Simultaneous Submissions Mean Writers Make More Money
Publishers hate them, butÖ
Youíve written a wonderful article, or a short story, or even a novel and you
realize that there is more than one potential market for your work. Do you dare
submit the same piece to more than one market simultaneously?
As with so many things about freelance writing, thereís no single answer.
But, as a general rule, I come down on the side of yes. Publishers hate simultaneous submissions. They want to look at your work
without fear that someone else may buy it before they have a chance to make a
decision. Some even try to prevent simultaneous submissions by stating they
wonít accept them in their market listings.
The Problem is Time
The problem, of course, is the amount of time it takes publishers to make up
their mind and give you an answer. If the article is timely and the publisher
isnít, youíve lost the opportunity if you havenít tried additional markets.
But even when the work is more or less timeless or evergreen, you donít want
to wait weeks or even months to be told no so you can submit someplace else.
My writing is my product; if it doesnít sell regularly, Iím out of business.
Iím simply unwilling to give what amounts to an exclusive on my work unless
thereís a truly good reason and, usually, if I havenít worked with the publisher
in question there simply isnít that justification.
Here are some things to consider:
- The odds of two publishers accepting the same work at the same time are
enormous; if youíre so lucky, youíll simply have to accept one and withdraw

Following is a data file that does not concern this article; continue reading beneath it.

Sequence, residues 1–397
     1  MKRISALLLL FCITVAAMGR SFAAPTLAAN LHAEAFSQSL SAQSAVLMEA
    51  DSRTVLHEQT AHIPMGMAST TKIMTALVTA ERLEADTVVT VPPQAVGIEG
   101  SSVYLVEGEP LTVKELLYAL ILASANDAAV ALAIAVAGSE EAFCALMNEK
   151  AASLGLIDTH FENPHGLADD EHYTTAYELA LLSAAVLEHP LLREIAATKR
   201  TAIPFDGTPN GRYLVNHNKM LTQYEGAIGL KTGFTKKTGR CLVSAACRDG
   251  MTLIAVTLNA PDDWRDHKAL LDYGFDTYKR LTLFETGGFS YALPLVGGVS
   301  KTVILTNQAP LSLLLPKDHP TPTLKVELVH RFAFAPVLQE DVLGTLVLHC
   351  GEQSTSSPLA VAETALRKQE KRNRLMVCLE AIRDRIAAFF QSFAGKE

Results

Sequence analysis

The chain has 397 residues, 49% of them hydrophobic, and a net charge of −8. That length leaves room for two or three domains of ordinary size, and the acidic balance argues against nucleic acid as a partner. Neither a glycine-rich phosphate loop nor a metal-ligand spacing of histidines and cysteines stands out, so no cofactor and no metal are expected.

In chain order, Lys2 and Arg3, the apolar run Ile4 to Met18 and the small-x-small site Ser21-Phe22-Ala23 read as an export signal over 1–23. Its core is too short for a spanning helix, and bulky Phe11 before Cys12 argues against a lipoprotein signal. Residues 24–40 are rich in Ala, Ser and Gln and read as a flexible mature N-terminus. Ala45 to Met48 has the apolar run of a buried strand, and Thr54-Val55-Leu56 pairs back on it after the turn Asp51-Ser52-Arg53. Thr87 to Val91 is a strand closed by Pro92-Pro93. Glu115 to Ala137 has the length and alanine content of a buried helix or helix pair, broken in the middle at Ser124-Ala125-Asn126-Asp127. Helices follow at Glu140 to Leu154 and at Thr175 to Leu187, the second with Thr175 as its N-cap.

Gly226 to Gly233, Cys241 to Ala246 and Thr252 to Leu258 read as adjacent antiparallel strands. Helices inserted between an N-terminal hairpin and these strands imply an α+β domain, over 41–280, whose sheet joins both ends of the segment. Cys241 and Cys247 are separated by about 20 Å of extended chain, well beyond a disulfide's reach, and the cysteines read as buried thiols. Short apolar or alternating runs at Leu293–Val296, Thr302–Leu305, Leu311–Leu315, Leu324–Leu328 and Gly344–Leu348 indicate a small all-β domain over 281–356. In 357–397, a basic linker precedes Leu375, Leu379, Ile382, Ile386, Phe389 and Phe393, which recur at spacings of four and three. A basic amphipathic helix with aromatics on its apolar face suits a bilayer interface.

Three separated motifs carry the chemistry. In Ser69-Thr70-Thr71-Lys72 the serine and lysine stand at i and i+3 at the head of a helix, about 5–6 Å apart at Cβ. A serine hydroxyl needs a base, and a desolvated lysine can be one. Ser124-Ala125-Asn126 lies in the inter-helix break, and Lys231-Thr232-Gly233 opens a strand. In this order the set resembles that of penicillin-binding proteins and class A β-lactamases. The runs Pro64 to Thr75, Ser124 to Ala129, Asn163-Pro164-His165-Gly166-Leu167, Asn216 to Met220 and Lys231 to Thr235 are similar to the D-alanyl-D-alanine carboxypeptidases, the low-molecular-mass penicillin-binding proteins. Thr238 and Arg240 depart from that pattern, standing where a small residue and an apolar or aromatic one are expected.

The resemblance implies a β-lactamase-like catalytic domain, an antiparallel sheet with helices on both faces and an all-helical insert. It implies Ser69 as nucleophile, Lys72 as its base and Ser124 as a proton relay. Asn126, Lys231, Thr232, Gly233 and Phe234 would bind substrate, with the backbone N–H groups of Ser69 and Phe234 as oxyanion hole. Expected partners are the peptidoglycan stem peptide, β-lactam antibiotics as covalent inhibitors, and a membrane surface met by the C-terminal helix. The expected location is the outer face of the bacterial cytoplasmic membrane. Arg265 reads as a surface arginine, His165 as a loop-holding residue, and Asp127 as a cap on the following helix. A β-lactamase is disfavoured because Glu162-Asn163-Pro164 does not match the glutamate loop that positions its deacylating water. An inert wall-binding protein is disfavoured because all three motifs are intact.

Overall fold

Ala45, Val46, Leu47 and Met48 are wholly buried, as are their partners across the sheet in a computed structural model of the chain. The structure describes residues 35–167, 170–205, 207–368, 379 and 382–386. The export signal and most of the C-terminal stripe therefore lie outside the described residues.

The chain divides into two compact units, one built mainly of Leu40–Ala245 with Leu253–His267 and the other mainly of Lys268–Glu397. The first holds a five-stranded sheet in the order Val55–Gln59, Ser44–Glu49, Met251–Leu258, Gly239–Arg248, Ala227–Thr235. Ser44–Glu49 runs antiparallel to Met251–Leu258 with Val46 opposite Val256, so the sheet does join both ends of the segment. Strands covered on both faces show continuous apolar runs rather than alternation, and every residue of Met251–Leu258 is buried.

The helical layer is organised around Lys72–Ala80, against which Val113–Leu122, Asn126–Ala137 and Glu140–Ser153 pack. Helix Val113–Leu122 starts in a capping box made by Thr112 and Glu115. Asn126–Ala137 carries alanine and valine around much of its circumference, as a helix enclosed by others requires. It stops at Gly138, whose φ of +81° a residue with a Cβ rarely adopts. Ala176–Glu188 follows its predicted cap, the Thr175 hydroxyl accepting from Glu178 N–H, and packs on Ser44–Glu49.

your submission from the other.
- When youíre considering submitting to more than one market, make sure the
submission is appropriate for each. The shotgun approach to marketing your
writing not only doesnít work, but you risk your reputation as well. The last
thing you need is for editors to recognize your name and ignore your
submission because itís obvious to them from past submissions you have no idea
what they want.
- When you decide to simultaneously submit to several publishers, make it
clear without waving a red flag. Iíve used the phase, ďÖ enclosed is a copy
ofÖĒ successfully for years. I submit simultaneously even when the market
listings says I shouldnít. Some writers go as far as to state the simultaneous
nature of the submission explicitly.
- If you have an ongoing relationship with the publisher, they probably
deserve an exclusive submission. An ongoing relationship often means you can
pick up the phone and ask, which is ideal for both of you.
- When you are doing an exclusive submission, make it clear it is an
exclusive submission and set a time limit on it. Donít make a threat; keep it
simple, perhaps with something like ďIf I havenít heard from you in 10 days,
Iíll go ahead and submit this to other markets.Ē
Simultaneous submissions are a fact of life in the writing and publishing
game. Most publishers are well aware that many writers submit simultaneously.
Donít let their wishful thinking stop you from marketing your work effectively.
Write well and often - and submit!